After a disappointing visit to the Yuste monastery in the backwoods of Extremadura, we steered our car down the steep, cherry-blossom covered hills to the hamlet of Garganta la Olla. Rumor had it that it was one of Spain’s most beautiful villages – and it was – but it won me over with its bountiful free tapas, its dilapidated wooden porches and its local legends. It’s a bit out of the way, but a wonderful little place to wander through.

Read more about Extremadura

Don’t go to BARCELONA: go to Girona

I ended up in Girona after booking two flights with a long layover in the RyanAir hub of the same name. I expected to find an airport with something to keep me entertained, but instead saw little more than a snack bar. Plan B: get my poor culo to Girona and walk around to kill time. The city’s colorful buildings seem to tumble into the river, and its medieval alleyways and religious statues provide plenty of entertainment. It’s also home to some of Spain’s best dining! I don’t like Barcelona, but Girona is a quick escape away.

Read more about Cataluña

Don’t go to BENIDORM: go to Calpe (Alicante)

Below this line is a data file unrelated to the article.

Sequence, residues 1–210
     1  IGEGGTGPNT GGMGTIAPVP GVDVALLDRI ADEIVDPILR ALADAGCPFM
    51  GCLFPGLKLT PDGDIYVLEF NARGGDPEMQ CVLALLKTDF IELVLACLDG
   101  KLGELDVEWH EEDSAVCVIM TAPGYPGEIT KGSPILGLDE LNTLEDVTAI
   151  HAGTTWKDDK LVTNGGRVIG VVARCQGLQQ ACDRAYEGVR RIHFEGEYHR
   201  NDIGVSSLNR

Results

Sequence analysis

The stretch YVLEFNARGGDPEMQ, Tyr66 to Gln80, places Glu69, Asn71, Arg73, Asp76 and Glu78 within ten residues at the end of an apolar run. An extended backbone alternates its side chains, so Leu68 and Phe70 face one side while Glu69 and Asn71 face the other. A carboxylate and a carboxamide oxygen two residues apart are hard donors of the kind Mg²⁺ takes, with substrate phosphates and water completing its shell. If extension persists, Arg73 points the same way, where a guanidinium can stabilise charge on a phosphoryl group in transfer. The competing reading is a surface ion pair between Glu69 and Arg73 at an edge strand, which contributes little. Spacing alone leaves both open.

I was psyched to be invited on my first blog trip, #Calpemoción. I knew very little about the beach destination, other than that it was just north of Benidorm. From our first glimpse of the Ifach to the fresh seafood to stand-up paddle surfing, it was a beach escape worth repeating. What stood out about Calpe were the people we met, who had worked hard to be sure that tourism – while the city’s lifeblood and its most important sector – didn’t take away its charm.

Read more about Calpe

Spain is most like itself in its small towns and off-beat destinations. There are plenty of other places I’ve really enjoyed – Murcia, Cádiz, Alcalá de Henares – and others that are pure hype. Sure, Madrid has its museums and Barcelona has Gaudí, but getting out of the big cities makes trips more and candid. Thanks to a new house, I’m sticking close to home for my next few trips – Valverde del Camino, hiking in the Sierra Norte and a quick jaunt to Madrid with a visiting friend.